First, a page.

Banks today find themselves in a rigorous regulatory environment. Financial institutions worldwide have regulators breathing down their necks, making sure they are not in violation of anti-money laundering legislation and sanctions regimes.
The ultimate aims of these compliance programs are laudatory, but they have also adversely affected global banking and the practice of trade finance specifically. The tightening regulatory noose has led to a phenomenon in the banking industry known as de-risking.
De-risking, as the word suggests, means that banks are taking steps to lower their exposure to risk, including potential compliance problems. As a practical matter, de-risking takes a number of different forms.
In some cases, banks have dropped entire portfolios of business, including trade finance, because of the inherent and growing risks involved in those areas. In other cases, banks have “exited” individual customers they consider to be too risky; in other words, they have shown them the door, dumping them.
International banks have also terminated large numbers of relationships with correspondent banks, the foreign entities they cooperate with on cross-border transactions, including trade finance. A 2015 World Bank report indicates that around half of all banks and 75 percent of large international banks have shown a decline in correspondent banking relationships. One of the top three areas most affected by this relationships withdrawal is, not surprisingly, trade finance.
On the whole, the global trade landscape is riskier now than it was a few years ago. The heyday of globalization appears to have passed and gone are the days when liquidity flooded the market and everyone thought we were headed to a low-risk, seamless global framework. The financial crisis of 2008 and 2009 burst that bubble and recent developments—from Brexit to the election of Donald Trump—have increased risks for international traders, including U.S. exporters and the financial institutions that serve them. Enhanced regulatory scrutiny has also increased the cost of capital, making trade finance services more expensive.
All of this means that many American exporters—and small and midsized ones especially—may be, or should be, looking for new banking relationships to help them with international trade. The good news is those banks that have maintained international trade departments are likely to be the ones most dedicated, experienced and expert in that craft.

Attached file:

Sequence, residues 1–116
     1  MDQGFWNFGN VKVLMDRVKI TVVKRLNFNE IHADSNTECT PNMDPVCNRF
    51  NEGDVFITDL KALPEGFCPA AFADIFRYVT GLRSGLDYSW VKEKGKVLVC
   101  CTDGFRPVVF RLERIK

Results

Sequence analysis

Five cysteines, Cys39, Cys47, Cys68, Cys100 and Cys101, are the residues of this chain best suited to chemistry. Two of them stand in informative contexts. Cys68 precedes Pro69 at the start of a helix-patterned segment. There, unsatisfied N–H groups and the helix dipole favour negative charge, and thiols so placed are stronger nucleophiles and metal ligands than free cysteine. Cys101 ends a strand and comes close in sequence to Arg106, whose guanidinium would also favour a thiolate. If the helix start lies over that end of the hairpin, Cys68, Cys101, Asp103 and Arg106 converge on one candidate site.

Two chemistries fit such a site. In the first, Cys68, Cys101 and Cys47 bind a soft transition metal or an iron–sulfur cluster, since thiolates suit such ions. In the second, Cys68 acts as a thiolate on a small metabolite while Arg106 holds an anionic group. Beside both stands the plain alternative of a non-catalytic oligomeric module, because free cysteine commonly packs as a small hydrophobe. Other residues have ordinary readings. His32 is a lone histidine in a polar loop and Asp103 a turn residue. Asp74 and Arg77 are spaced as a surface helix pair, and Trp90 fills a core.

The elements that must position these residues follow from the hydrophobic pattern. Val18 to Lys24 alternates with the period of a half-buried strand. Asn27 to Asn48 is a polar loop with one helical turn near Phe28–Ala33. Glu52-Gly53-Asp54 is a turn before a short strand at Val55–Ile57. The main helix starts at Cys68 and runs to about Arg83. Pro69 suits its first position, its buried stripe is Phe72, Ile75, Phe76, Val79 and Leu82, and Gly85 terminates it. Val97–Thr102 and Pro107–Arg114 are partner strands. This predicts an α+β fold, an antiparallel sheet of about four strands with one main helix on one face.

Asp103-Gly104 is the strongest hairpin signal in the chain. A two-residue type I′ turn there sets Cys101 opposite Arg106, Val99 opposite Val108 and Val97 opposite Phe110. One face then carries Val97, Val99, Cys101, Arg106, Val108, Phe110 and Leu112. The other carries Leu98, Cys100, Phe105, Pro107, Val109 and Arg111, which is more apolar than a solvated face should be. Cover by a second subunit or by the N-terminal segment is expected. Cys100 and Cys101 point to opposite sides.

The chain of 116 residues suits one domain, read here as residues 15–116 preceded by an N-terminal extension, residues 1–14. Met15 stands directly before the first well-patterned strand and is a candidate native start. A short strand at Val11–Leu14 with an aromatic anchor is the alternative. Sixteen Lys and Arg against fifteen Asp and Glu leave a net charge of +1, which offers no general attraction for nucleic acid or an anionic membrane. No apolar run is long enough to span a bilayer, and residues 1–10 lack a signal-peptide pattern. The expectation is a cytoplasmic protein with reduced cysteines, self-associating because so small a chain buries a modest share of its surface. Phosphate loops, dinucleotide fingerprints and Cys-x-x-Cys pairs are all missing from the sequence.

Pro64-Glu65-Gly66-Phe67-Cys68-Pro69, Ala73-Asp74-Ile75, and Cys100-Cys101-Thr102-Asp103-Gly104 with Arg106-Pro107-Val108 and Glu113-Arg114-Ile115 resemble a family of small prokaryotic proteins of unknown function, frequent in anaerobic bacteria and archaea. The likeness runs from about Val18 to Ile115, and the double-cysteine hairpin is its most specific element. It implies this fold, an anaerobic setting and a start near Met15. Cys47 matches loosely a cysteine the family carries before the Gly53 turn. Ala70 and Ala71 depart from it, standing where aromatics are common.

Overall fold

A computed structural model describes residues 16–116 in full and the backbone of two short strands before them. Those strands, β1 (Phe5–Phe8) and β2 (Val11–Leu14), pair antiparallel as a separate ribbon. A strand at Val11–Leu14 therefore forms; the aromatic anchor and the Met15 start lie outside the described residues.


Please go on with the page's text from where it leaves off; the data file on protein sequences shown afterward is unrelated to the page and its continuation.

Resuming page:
These tend to be larger national and multinational banks. But smaller exporters shouldn’t fret: The banks report a convergence in the export finance needs of enterprises large to small, which means that they can feel comfortable serving the trade finance needs of all sizes of exporters, including relatively small ones.
In such a complex environment, exporters should be asking not only what the banks can do for them but what they can do for the banks. In other words, exporters should be looking to put their best foot forward and to groom themselves as attractive customers for international banks.
“All banks, including foreign banks operating in the United States, are facing the de-risking trend,” says Daniel Son, head of U.S. Trade at Wells Fargo Bank. “They are all trying to consolidate risk and focus more on their core competencies. In many cases, that means exiting non-strategic banking areas and cutting down on unnecessary accounts and less strategic relationships.” Smaller commercial banks, especially, are no longer offering the full spectrum of services to their customers.
Anti-money laundering regulations and sanctions regimes are the main compliance areas that international banks face, two areas that are particularly sensitive when international trade transactions are involved. “In the current environment, banks must not only know their customers, they must know their customers’ customers,” says Inwha Huh, regional head global trade finance at HSBC. “This has led banks to exit portfolios and clients, lower credit limits and, in some cases, getting out of doing business in certain countries.”